In contrast, if the pattern p12 is selected for the pixel located on the left side and the pattern p13 is selected for the adjacent pixel located on the right side, then ink is applied to dots as shown in FIG. 16F. Such a selection results in an increase in the number of inked dots located at edges, and thus the processing liquid is applied to two dots as shown in FIG. 15G. As can be understood from the above description, the amount of processing liquid consumed can be reduced by selecting patterns as shown in FIG. 16B.

FIG. 17 illustrates an example of selecting a proper pattern from the patterns p01-p41 depending on the previous pattern employed for the adjacent pixel. In the example shown in FIG. 17, a pattern is selected so that inked dots in the respective matrices are located at successive positions along as large a length as possible in the horizontal direction. In the case where any pattern cannot result in a succession of inked dots as is the case with the previous pixel having the pattern p11, it is desirable to select a pattern which causes the nozzles to be used evenly. When the image data has a quantized level of LEVEL0 or LEVEL4, there is only one possible pattern corresponding to each level and there is no other choice. Therefore, the patterns for LEVEL0 and LEVEL4 are not shown in FIG. 17.

The manner of selecting patterns is not limited to the above-described example, and selection may also be performed in different manners.

In the present embodiment, as described above, a pattern is selected not independently for each pixel but selected depending on the pattern selected for the previous pixel thereby ensuring that inked dots are located at successive locations along as large a length as possible across adjacent pixels thus achieving a reduction in the amount of processing liquid consumed while maintaining high resistance to water. In the case where any choice of pattern cannot result in a succession of inked dots across the adjacent pixels, a pattern which causes the nozzles to be used evenly is selected thereby preventing only a particular nozzle from being used very frequently compared to the other nozzles thus achieving an improvement in the life of the recording head.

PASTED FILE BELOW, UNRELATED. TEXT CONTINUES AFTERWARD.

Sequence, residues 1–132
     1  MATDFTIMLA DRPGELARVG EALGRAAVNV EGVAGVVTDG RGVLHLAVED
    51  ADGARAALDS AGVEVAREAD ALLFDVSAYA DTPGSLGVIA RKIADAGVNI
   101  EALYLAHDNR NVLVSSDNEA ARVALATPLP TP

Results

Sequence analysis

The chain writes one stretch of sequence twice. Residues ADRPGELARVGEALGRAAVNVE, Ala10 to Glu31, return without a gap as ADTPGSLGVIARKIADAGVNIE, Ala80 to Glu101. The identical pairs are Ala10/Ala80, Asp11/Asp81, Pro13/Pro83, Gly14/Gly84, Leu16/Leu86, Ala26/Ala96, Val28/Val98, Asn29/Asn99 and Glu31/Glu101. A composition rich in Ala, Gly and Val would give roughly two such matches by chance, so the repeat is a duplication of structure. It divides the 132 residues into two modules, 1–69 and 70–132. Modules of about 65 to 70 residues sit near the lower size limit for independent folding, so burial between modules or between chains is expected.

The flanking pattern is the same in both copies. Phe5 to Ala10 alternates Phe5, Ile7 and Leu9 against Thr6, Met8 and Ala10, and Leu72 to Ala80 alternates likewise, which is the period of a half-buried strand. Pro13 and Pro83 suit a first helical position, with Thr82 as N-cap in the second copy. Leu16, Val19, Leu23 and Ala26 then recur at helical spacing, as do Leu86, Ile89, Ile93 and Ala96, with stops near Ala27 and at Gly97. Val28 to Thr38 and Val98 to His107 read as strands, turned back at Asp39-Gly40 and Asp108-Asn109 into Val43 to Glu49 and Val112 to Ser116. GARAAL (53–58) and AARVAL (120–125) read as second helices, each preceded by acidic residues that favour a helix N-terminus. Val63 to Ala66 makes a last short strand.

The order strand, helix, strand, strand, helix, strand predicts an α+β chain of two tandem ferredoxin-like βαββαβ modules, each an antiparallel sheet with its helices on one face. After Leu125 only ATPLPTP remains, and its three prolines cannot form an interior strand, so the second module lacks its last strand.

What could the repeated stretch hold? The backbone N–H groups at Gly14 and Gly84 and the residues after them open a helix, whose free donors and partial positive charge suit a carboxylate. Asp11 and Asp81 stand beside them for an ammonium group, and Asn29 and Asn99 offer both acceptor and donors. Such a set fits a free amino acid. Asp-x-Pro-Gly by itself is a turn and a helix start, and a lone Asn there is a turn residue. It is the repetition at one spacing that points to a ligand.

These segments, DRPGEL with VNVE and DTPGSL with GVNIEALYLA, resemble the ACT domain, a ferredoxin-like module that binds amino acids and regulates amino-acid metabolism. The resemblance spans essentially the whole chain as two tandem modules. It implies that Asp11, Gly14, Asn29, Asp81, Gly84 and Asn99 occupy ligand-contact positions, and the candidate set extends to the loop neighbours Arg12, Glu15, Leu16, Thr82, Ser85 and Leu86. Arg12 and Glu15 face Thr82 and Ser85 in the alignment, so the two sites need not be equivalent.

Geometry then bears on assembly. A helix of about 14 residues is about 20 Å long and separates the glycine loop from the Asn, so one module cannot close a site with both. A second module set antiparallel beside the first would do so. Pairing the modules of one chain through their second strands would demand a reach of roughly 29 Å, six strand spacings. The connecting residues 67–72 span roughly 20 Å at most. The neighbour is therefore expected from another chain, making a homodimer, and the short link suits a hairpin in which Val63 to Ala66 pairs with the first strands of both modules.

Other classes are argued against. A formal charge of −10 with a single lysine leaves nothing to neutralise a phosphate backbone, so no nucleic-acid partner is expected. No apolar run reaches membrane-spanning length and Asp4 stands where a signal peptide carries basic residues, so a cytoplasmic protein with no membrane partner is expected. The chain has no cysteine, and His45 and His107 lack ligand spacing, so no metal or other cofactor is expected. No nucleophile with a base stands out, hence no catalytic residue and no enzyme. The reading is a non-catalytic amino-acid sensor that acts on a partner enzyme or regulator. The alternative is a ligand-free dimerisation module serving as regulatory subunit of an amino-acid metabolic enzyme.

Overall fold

Although in the present embodiment described above the pattern selection from the set of a plurality of matrix patterns is performed by the printer, the pattern selection may also be performed by a host computer (host apparatus) connected to the recording apparatus and responsible for generation of image data as in the second embodiment.